DVF Opened First Beijing Boutique Last Year, Planning Larger Rollout
Perhaps no western designer made more direct overtures to the Chinese market last year than Diane von Furstenberg, whose DVF brand recently debuted in Beijing and Shanghai. As Jing Daily recently noted, von Furstenberg’s ability to mingle among and bring together a diverse group of Chinese media elites, artists, and fashion insiders has made quite a splash in China:
[Von Furstenberg] is carefully crafting a personal image that draws creative verve from the art, fashion, and celebrity scenes in China and internationally. The idea, of course, is that in the minds of Chinese consumers, this personal elan will extend to the DVF label and products.
“Journey of a Dress,” a traveling retrospective…gives von Furstenberg and her career museum-level treatment, combining sketches, patterns, and other items from her personal archives with original portraits by the likes of Andy Warhol and Helmut Newton. The show will travel to Beijing in April, opening in a space created by the Pace Gallery in the 798 art district. Her week-long sojourn in Beijing [last fall]…included visits to artist studios, many of whom the Pace Gallery commissioned to create their own portraits of von Furstenberg for inclusion in the show. [S]he and her staff debated throwing a “Red Ball” evening gala–possibly at artist Zhang Huan’s French restaurant in Shanghai–intended to dazzle not only in itself but in the international celebrity star-power it could draw.
While other well-known international designers have recently attempted to draw on Chinese star power to build fashion “cults of personality,” with Domenico Dolce and Stefano Gabbana hobnobbing with Vogue China’s Angelica Cheung and model Naomi Campbell in Shanghai and Miuccia Prada recently rubbing shoulders with actresses Gong Li and Maggie Cheung at CAFA Beijing, Diane von Furstenberg appears to be taking the long view of her brand’s foray into China. While her strategy — significantly brasher and more visible than that of her competitors (sometimes to a fault) — isn’t to everybody’s liking, von Furstenberg certainly is making the right friends in people like the publisher and Chinese fashion booster Hong Huang and contemporary artists Hai Bo and Zhang Huan. At the same time, her approach to brand expansion, somewhat surprisingly, is more restrained than many brands. Currently, DVF operates two boutiques in Beijing and Shanghai, and plans for a major nationwide rollout have yet to be announced. At the moment, building a strong foothold in two of China’s wealthiest cities, while amassing a network of influential brand advocates, is DVF’s broader plan.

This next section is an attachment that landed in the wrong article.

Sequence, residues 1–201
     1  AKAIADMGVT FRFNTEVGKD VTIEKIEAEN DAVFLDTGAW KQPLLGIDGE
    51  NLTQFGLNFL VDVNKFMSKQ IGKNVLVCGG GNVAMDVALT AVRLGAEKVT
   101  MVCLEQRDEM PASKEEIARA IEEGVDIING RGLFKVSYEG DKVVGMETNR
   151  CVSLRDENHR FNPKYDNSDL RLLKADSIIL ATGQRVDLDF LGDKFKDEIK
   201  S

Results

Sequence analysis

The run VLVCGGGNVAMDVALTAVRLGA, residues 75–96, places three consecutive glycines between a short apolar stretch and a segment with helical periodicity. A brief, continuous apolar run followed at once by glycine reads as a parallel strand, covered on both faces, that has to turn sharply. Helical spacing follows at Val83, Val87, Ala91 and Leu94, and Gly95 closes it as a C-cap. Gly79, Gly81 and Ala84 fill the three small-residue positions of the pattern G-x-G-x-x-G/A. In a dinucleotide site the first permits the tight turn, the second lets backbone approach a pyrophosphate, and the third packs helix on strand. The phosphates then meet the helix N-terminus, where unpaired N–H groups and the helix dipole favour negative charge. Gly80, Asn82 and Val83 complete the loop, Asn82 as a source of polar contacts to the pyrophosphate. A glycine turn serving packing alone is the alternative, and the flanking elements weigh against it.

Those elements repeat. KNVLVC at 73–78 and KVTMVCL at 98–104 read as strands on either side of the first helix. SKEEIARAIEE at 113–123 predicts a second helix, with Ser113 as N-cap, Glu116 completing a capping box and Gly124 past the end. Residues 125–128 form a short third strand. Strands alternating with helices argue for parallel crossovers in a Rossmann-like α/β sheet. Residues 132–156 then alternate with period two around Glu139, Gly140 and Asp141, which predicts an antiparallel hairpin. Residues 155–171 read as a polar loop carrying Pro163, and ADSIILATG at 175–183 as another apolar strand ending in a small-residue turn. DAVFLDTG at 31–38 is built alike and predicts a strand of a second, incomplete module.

While Diane von Furstenberg’s dream of “selling every Chinese a t-shirt” will likely remain just that for years to come, she seems to be content with the idea of selling a t-shirt to every wealthy Beijinger — a far more likely prospect. This April, DVF’s “Journey of a Dress” traveling exhibition, one of the most anticipated fashion events on the Beijing social calendar, will land at the Pace Gallery in the city’s 798 arts district. As Luxury Insider notes this week, “Journey of a Dress” will comprise “a series of portraits of the iconic designer taken over the past four decades as well as a fashion retrospective celebrating her life’s work.” Reflecting the track of von Furstenberg’s career, the exhibition features early portraits by Andy Warhol and Helmut Newton and newer pieces by Chinese artists Li Songsong, Zhang Huan, Hai Bo and Yi Zhou.
Whether von Furstenberg’s loud, colorful and unabashedly elite-focused strategy for cracking the China market becomes the envy of the fashion industry or a case study in misreading a young and still developing market will remain to be seen. Von Furstenberg claims to be committed to building her brand there over the long haul, and she and her company clearly have the money to operate in China at a net loss, which they likely will for some time. But, for all the rosy news and record-breaking figures emerging from the Chinese luxury market, and for all of the high-profile friends she’s making in China, Diane von Furstenberg will have to work harder to make an impact there than perhaps even she realizes. The second- and third-tier cities are where all the motivated shoppers live right now, and wealthy Beijing and Shanghai shoppers are both spoiled for choice in saturated luxury markets and more likely to shop overseas. Courting cultural and business elites might seem like the right strategy, but for DVF to really make a name for itself in China, Diane von Furstenberg might have to throw some parties in Chengdu, Hangzhou or Xi’an as well.